CASE NO. 49T10-9701-TA-00072

L.H. CARBIDE CORP.,                                                                                                      )
    Petitioner,                                                                                                               )
    v.                                                                                                                        )
STATE BOARD OF TAX COMMISSIONERS,                                                                                             )
    Respondent.                                                                                                               )
March 19, 1998
On February 26, 1998, the Petitioner, L.H. Carbide Corporation (Carbide ), and the Respondent, the State Board of Tax Commissioners (State Board ), appeared before the Court for
oral argument on the State Board's Motion to Dismiss. On January 13, 1992, Carbide filed Form 133 Petitions for the Correction of Errors for the tax years 1989, 1990, 1991 with the Auditor of Allen County, Indiana (County).See footnote 1 See Ind. Code Ann. § 6-1.1-15-12 (West 1989) (amended 1993, 1995 & 1997). The petitions were not acted on for more than five years and were never forwarded by the County to the State Board. (Brooks Aff. at 1). On January 6, 1997, Carbide filed an original tax appeal in this Court. The State Board filed a Motion to Dismiss claiming

that Carbide failed to exhaust its administrative remedies and thus this Court lacks jurisdiction. The State Board argues that “two steps must occur in the administrative appeal process with regard to 133 petitions before [this] Court is vested with subject matter jurisdiction. First, the State Board must receive the form 133. Second, the State Board must issue a final determination upon it.” (Resp't Mot. to Dismiss at 4). The State Board claims that it has not received a Form 133 from the County and that Carbide has never received a final determination from the State Board. Therefore, Carbide has not exhausted its administrative remedies and this Court does not have jurisdiction to hear this matter.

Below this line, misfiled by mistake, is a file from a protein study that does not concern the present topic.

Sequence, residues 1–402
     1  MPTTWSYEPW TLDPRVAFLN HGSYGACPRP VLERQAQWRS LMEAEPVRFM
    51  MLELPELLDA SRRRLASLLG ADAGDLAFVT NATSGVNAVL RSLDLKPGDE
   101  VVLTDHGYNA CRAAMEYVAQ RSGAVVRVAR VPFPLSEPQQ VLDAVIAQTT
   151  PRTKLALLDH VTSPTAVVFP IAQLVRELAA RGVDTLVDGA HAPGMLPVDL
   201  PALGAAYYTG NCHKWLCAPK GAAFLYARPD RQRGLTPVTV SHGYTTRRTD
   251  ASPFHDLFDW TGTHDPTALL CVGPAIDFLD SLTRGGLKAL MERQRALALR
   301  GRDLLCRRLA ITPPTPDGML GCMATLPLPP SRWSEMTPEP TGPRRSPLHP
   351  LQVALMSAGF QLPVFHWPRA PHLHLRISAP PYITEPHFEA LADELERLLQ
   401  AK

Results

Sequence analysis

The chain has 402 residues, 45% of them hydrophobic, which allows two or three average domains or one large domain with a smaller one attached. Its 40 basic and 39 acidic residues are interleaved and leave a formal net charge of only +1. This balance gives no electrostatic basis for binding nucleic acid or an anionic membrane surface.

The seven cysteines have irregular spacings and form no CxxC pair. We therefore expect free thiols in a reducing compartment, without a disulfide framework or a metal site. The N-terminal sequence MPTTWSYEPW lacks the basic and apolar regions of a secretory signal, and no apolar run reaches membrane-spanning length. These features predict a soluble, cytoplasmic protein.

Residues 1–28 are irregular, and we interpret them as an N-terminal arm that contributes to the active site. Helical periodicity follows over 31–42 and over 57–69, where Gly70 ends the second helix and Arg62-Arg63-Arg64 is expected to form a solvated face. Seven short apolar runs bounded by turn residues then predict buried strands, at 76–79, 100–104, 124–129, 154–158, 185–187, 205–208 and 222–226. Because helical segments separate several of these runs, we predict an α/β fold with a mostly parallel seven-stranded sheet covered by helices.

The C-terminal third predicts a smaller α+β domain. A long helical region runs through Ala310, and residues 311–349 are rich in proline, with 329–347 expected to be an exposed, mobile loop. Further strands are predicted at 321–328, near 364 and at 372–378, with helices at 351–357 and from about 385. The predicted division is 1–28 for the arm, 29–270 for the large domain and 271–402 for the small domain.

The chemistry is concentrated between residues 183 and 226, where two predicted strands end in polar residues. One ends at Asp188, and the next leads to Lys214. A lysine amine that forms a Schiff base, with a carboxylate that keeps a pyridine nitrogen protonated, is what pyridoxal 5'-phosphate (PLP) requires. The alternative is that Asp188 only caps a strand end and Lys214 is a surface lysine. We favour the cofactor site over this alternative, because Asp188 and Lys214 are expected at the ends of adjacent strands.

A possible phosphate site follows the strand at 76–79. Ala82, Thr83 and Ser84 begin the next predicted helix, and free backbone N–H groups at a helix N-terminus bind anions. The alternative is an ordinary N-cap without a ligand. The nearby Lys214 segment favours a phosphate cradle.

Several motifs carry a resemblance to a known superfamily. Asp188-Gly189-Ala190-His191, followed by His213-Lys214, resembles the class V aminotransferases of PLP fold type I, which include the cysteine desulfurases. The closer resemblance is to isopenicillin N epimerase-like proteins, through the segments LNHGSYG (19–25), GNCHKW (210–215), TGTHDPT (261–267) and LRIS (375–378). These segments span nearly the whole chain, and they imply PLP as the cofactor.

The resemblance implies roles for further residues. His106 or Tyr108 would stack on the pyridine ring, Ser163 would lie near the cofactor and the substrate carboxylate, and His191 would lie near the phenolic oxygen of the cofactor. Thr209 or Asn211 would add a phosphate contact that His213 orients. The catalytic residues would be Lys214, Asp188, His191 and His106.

Carbide argues that this Court has jurisdiction based on the State Board's failure to act and this Court's decision in Bielski v. Zorn, 627 N.E.2d 880 (Ind. Tax Ct. 1994). In Bielski, this Court held that the failure of the State Board to review a petition constitutes a final determination. Id. at 885.
    As a starting point in its analysis, this Court notes that it is dealing with its subject matter jurisdiction. This Court has “exclusive jurisdiction over any case that arises under the tax laws of this state and that is an initial appeal of a final determination” of the State Board or the Department of Revenue. See Ind. Code Ann. § 33-3-5-2(a) (West 1996). However, in this instance both the County and the State Board have failed to issue a final determination. This inaction by the County and the State Board has erected a barrier to Carbide's ability to have errors in its assessment corrected. No statutes or regulations provide a resolution for instances where a county has failed to act on a Form 133 petition or forward a Form 133 petition to the State Board.
    Taxpayers have a statutory right to have errors in their assessment corrected. See Ind.

Code Ann. § 6-1.1-15-12. Through the inaction of the County, Carbide's statutory right has been ignored. The State Board asks this Court to dismiss Carbide's petition because the County has not acted and the State Board itself has not issued a final determination. (Resp't Mot. to Dismiss at 4). This would put the statutory rights of the taxpayer at the mercy of County and State Board inaction.See footnote 2 Cf. Zakutansky v. State Bd. of Tax Comm'rs, 64T10-9410-TA-00227, slip op. at 4-5 (Ind. Tax Ct. February 13, 1998). Such a result is absurd. Id. The legislature could not have intended to allow inaction on the part of the County and the State Board to effectively eliminate a taxpayer's right to have errors in an assessment corrected.